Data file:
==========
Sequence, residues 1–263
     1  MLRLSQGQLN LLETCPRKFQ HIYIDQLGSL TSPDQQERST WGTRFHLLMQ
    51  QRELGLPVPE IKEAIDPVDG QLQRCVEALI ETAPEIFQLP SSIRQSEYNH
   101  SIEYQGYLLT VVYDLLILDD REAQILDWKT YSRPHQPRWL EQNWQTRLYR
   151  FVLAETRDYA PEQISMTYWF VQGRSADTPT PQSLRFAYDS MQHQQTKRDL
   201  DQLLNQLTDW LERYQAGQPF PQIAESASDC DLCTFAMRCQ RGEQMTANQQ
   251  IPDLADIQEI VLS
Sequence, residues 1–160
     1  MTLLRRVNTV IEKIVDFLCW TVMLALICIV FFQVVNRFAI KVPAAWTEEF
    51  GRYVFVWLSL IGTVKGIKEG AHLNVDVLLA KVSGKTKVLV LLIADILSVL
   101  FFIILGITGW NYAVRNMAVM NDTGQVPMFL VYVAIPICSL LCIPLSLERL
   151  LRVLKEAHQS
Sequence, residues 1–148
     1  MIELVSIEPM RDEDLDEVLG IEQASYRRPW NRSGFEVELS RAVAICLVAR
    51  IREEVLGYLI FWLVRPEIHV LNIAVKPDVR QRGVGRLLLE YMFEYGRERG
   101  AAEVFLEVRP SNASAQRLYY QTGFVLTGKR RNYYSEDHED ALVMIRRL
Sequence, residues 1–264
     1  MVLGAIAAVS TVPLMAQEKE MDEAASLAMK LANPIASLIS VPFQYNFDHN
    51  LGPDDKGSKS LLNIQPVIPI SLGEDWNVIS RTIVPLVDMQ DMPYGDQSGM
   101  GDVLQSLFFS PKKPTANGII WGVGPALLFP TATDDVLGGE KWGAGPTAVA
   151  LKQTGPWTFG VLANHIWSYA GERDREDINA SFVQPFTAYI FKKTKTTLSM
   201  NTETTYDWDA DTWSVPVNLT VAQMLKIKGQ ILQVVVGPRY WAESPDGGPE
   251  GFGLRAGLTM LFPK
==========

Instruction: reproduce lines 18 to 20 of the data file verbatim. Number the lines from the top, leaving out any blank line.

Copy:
     1  MVLGAIAAVS TVPLMAQEKE MDEAASLAMK LANPIASLIS VPFQYNFDHN
    51  LGPDDKGSKS LLNIQPVIPI SLGEDWNVIS RTIVPLVDMQ DMPYGDQSGM
   101  GDVLQSLFFS PKKPTANGII WGVGPALLFP TATDDVLGGE KWGAGPTAVA